Okay, I try not to do this--blog on the same subject as an email discussion on the very same day--but I've found more resources than I care to clog up people's inboxes with, so here goes, before I lose the links:
There seems to be some reigning confusion in the media about gifted vs pushed vs. high-achieving kids. Books like Hothouse Kids: The Dilemma of the Gifted Child don't help matters. Author Alissa Quart builds off her own high anxiety childhood and interviews other former prodigies to support her thesis that geniuses are made, not born, and made by parents "frantic and desperate to elevate them out of the mainstream and give them every advantage," according to Christian Science Monitor reviewer Teresa Mendez.
What bothers me is that based on Quart's book, every parent who tries to advocate for their gifted child is pushy. Some teachers are so concerned about this phenomenon, they actually feel they need to "rescue" children from their pushy parents. "Let's give him a chance to sit back and work on social skills," they say to the parent who transmits her child's plea for more rigor. "He has plenty of time to specialize when he gets older." (Yes, I'm speaking from experience.)
Are overscheduled kids in trouble and in need of help? Certainly. But not all kids who specialize early and perform beyond the level of their peers has a parent frantically pushing from behind. Some gifted kids know exactly what they want to do with their life from toddlerhood and pursue it singlemindedly, dragging their hapless parents behind them. Case in point: a recent plea on the TAGMAX list for forensic science and dissection kit resources for a five-year-old future doctor. Is that mother "pushing" her daughter when she feeds her unusual interest in medicine? Or is she only helping her daughter learn what she wants to learn?
On the other side of the debate sits the Washington Post's Jay Mathews. He argues there are Too Few Overachievers in the public schools. "What [Alexandra] Robbins [author of The Overachievers: The Secret Lives of Driven Kids] and the parents and students in such communities fail to see, however, is that they are in the uppermost 5 percent in homework, just as they are in housing square footage, money spent on vacations and stock market investments. Only about 10 percent of American high school students have Ivy League ambitions. For the vast majority, academic stress is pretty rare." (Click here for a transcript of Mathews responding to parent questions about overachievers.)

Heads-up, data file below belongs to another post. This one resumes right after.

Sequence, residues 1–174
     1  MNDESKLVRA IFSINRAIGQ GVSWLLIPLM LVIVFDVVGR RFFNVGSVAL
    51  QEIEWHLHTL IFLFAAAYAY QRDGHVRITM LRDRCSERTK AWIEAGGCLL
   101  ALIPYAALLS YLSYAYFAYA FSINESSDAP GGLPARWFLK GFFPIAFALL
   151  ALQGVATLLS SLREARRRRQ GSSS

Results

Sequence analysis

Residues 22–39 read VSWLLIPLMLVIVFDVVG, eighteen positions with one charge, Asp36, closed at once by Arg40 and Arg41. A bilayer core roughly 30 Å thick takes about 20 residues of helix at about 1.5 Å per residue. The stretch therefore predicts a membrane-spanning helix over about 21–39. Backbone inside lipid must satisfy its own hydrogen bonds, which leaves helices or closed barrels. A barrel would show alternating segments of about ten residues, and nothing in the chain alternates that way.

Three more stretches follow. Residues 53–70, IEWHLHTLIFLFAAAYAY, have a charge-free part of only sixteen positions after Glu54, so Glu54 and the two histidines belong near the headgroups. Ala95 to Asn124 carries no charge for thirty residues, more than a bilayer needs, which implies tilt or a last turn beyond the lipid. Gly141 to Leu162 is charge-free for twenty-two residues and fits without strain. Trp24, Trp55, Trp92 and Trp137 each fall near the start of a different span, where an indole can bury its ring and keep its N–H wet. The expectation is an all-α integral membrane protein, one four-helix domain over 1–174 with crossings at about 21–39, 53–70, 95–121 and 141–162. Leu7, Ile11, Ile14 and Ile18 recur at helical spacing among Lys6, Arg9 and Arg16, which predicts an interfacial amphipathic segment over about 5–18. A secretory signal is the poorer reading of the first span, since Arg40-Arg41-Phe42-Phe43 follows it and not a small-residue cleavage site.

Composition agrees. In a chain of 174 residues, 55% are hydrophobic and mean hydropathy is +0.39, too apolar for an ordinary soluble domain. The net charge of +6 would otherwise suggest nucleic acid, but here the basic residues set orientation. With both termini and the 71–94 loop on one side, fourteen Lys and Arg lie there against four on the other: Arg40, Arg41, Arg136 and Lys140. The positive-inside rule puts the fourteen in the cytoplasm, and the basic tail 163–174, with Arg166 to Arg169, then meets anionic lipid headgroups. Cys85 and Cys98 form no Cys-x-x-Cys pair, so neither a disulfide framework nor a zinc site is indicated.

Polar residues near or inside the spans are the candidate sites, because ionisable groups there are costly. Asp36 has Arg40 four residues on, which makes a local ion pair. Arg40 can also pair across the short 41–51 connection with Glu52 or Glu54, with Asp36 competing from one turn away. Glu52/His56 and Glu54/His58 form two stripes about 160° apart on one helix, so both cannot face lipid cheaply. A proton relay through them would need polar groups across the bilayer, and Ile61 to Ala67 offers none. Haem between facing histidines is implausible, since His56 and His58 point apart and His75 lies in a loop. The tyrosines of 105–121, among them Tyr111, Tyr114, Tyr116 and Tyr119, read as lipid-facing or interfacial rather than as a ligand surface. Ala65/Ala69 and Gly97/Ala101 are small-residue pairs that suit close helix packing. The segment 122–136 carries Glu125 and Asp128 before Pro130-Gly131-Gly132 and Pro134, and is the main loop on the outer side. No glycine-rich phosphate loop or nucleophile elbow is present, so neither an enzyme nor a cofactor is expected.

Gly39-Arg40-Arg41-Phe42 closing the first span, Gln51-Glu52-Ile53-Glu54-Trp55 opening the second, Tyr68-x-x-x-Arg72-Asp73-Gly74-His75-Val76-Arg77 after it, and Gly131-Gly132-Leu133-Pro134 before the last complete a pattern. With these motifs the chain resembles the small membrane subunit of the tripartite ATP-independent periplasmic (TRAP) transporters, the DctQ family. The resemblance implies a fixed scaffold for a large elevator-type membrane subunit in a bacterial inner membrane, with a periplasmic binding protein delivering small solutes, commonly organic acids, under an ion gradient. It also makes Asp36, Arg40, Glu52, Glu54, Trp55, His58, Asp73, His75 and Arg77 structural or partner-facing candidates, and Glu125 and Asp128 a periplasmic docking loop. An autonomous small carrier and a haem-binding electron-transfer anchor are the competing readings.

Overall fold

Despite my skepticism about his US News and World Report Best High Schools Rankings (surely AP test results measure rigor, not merely the number of AP tests taken), Mathews has a point. It's the same point Kareem Elnahal was trying to make in his valedictory speech: We want more. More rigor. More challenge. More relevance. Pursuing knowledge for the love of learning is not pressure. It's joy.
Sometimes the line between advocating and pushing is a thin one. I'm guilty of this, I think. At least, I sometimes wonder if I'm pushy to expect Wolfie to do ninth grade work as a nominal seventh grader. Then I remind myself that he's the one who picked high school classes, we have a safety net if they turn out to be too hard (20 day cancellation policy) and he's already met and exceeded the state standards in math and English. The kid brought Great Expectations to read on the bus to camp. He's pushing himself, and that's a good thing.